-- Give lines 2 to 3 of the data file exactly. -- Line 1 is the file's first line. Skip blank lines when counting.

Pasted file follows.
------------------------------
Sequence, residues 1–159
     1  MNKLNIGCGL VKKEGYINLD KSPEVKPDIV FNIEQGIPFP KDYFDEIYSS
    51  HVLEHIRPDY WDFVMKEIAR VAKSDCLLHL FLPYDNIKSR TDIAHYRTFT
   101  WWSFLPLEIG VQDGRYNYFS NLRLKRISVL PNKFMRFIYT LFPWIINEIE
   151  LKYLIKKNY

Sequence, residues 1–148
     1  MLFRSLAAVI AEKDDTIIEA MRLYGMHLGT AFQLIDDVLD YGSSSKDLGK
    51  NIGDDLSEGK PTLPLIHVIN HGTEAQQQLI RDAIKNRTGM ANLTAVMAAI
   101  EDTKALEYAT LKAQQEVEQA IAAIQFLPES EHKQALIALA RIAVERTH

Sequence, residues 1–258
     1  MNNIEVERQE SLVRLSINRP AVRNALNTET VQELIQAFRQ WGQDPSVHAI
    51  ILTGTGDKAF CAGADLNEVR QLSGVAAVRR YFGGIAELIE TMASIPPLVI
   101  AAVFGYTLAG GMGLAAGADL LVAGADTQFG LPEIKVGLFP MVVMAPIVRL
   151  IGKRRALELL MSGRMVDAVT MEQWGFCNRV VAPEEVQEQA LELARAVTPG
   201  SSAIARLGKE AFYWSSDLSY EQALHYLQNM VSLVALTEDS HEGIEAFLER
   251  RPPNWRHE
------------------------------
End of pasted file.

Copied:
     1  MNKLNIGCGL VKKEGYINLD KSPEVKPDIV FNIEQGIPFP KDYFDEIYSS
    51  HVLEHIRPDY WDFVMKEIAR VAKSDCLLHL FLPYDNIKSR TDIAHYRTFT